PISA 2003: Science skills for tomorrows' world Publications
This PISA-03 thematic report explores the ability of New Zealand 15-year-old students to apply their science knowledge and skills to real-life situations.
Author(s): Ministry of Education.
Date Published: November 2009
Background: the PISA survey
PISA surveys the knowledge and skills of 15-year-olds in the principal industrialised countries. The product of collaboration between participating governments through the OECD, it draws on leading international expertise to develop valid comparisons across countries and cultures.
PISA 2003 is the second assessment in the series. In this survey:
- Well over a quarter of a million students in 41 countries took part. All 30 OECD member countries participated, as well as ‘partner countries’ in Asia, Africa, Eastern Europe, and Latin America.
- Each student took a two-hour written test in their school.
- Students were assessed in mathematics, reading, science, and problem-solving. Mathematics was the main focus in 2003, while reading was the main focus in the first survey in 2000. The next PISA assessment in 2006 will focus on student performance in science.
The key features of the PISA approach are:
- Its policy orientation, with design and reporting methods determined by the need of governments to draw policy lessons.
- The innovative ‘literacy’ concept, which is concerned with the capacity of students to apply their knowledge and skills in key subject areas and to analyse, reason, and communicate effectively as they pose, solve, and interpret problems in a variety of situations.
- Its inclusion of assessment that is not restricted to particular areas of the school curriculum. The assessment of ‘problem solving’ in 2003 was the first such ‘cross-curricular’ assessment.
- Its regularity, which will enable countries to monitor their progress in meeting the key learning objectives over time.
- Its consideration of student performance alongside the background characteristics of students’ at home and school in order to explore some of the main features associated with educational success. Each participating student and school completed a questionnaire that allowed a wide range of background information to be considered alongside student performance.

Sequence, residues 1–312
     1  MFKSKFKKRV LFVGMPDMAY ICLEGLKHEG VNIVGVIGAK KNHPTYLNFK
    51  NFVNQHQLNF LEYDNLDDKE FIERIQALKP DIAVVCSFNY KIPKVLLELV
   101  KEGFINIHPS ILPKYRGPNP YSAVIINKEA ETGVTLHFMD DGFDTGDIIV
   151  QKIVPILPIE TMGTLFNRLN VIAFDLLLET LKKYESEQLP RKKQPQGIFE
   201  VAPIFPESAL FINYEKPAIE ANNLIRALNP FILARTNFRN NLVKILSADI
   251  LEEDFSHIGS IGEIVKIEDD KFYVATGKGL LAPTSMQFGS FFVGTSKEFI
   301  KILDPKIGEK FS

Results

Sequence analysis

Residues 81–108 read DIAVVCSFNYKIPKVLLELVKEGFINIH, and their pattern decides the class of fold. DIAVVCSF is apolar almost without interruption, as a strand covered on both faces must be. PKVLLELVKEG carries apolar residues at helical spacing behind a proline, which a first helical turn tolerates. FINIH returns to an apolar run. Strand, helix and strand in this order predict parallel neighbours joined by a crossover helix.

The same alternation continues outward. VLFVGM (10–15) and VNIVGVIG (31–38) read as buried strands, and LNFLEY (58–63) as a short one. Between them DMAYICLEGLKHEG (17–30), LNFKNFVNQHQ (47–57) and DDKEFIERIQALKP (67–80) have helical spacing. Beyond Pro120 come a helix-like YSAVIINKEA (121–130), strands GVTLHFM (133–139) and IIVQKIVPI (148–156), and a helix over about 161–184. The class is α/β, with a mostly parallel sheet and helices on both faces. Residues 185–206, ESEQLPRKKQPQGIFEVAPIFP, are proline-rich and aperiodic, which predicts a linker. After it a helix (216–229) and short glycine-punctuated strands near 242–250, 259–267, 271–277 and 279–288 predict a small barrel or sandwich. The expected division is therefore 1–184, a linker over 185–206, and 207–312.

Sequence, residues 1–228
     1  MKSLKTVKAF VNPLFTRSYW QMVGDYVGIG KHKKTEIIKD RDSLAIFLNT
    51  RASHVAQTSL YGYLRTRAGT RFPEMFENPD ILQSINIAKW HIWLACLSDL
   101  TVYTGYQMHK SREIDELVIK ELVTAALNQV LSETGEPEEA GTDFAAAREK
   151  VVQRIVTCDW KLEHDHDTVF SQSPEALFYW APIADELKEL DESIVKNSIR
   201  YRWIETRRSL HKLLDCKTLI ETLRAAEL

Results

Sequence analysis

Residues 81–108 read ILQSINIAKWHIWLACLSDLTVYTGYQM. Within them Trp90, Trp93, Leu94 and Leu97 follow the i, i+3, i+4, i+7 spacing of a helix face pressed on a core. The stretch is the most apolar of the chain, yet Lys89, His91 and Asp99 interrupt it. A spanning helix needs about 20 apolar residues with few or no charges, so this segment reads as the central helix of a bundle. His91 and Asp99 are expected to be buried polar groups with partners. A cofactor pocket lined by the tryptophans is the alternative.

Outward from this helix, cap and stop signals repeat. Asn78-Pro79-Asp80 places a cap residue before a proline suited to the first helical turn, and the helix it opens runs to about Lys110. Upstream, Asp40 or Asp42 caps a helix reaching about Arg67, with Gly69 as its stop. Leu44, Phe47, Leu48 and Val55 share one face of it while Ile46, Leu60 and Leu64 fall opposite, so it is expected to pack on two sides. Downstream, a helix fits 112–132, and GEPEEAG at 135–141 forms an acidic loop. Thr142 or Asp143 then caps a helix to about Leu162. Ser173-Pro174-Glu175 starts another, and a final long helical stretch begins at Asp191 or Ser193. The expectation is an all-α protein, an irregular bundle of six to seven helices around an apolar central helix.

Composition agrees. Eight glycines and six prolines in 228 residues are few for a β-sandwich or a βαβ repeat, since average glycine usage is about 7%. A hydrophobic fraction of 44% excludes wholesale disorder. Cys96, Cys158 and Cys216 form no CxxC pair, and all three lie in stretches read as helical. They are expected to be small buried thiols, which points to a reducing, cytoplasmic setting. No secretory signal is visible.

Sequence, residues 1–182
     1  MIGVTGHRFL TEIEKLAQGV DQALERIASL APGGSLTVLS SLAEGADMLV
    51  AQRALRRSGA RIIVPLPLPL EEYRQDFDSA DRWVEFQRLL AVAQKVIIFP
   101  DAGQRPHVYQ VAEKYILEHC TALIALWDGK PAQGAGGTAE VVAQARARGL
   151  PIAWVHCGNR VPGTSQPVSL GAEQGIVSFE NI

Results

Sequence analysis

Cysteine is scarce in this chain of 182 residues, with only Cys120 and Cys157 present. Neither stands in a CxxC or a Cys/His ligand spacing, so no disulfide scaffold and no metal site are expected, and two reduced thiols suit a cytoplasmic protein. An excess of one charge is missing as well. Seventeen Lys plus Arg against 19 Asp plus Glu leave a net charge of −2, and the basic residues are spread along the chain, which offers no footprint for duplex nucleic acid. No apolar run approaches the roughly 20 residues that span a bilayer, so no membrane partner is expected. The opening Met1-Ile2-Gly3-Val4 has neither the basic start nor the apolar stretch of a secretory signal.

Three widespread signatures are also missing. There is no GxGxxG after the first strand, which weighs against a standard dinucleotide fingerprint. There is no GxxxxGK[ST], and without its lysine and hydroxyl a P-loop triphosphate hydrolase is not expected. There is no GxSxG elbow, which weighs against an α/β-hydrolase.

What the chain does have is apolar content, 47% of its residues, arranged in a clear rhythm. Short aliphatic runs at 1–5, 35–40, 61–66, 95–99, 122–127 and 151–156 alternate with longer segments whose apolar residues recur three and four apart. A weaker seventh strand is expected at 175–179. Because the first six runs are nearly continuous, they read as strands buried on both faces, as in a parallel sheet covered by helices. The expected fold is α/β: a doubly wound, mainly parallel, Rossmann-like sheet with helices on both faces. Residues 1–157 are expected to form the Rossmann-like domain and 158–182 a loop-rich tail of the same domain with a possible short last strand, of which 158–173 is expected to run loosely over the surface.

- Its breadth of geographical coverage, as the countries that have participated so far represent one-third of the world’s population and almost nine-tenths of the world’s gross domestic product (GDP).
The comparisons made below set New Zealand students’ performance alongside that of students in the OECD countries, which are the countries in the survey most comparable to New Zealand: it excludes countries such as Tunisia, Peru, and Russia from the analysis. A total of 29 OECD countries reported results in 2003. (The United Kingdom participated but did not meet the sampling requirements.)
Assessing scientific literacy in PISA 2003
Students in PISA are asked to apply science knowledge and skills to real-life situations. According to the agreed PISA definition, science literacy is:
…the capacity to use scientific knowledge, to identify questions and to draw evidence-based conclusions in order to understand and help make decisions about the natural world and the changes made to it through human activity.
PISA 2003 Learning for Tomorrow’s World, OECD: p. 24
|The concept of scientific literacy in PISA is defined by three dimensions:|
Most of the assessment items from PISA 2000 were also used in PISA 2003, allowing direct comparison between the two cycles.
The questions set in PISA varied in format: some were multiple choice; others required written answers. Of the latter, some required one correct answer and others were more ‘open’ and could be answered correctly in a variety of ways. In some cases, partial credit could be given for responses that showed some, but not all, of the required degree of understanding.
Science scores in PISA 2003
Performance in science is marked on a single scale with an average score of 500 score points and a standard deviation of 100 score points. Approximately two-thirds of students across the OECD countries score between 400 and 600 points. This report uses mean scores to compare the science performance of New Zealand students with those in other OECD countries.
Because science has been a minor domain, with less testing time in both of the 2000 and 2003 cycles of PISA, the scale cannot be defined as yet in terms of proficiency levels, which help to describe what kinds of skills are needed to reach a particular score. In the third PISA cycle in 2006, science will be the major domain of testing and a full instrument for measuring and reporting science will enable proficiency levels to be defined. However, criteria for harder and easier tasks can still be described in relation to items associated with different points on the science scale. Examples of the kinds of tasks involved at different levels are provided in Boxes A and B later in this report.
Where to find out more
If you have any questions about PISA (Programme for International Student Assessment) please email: PISA Mailbox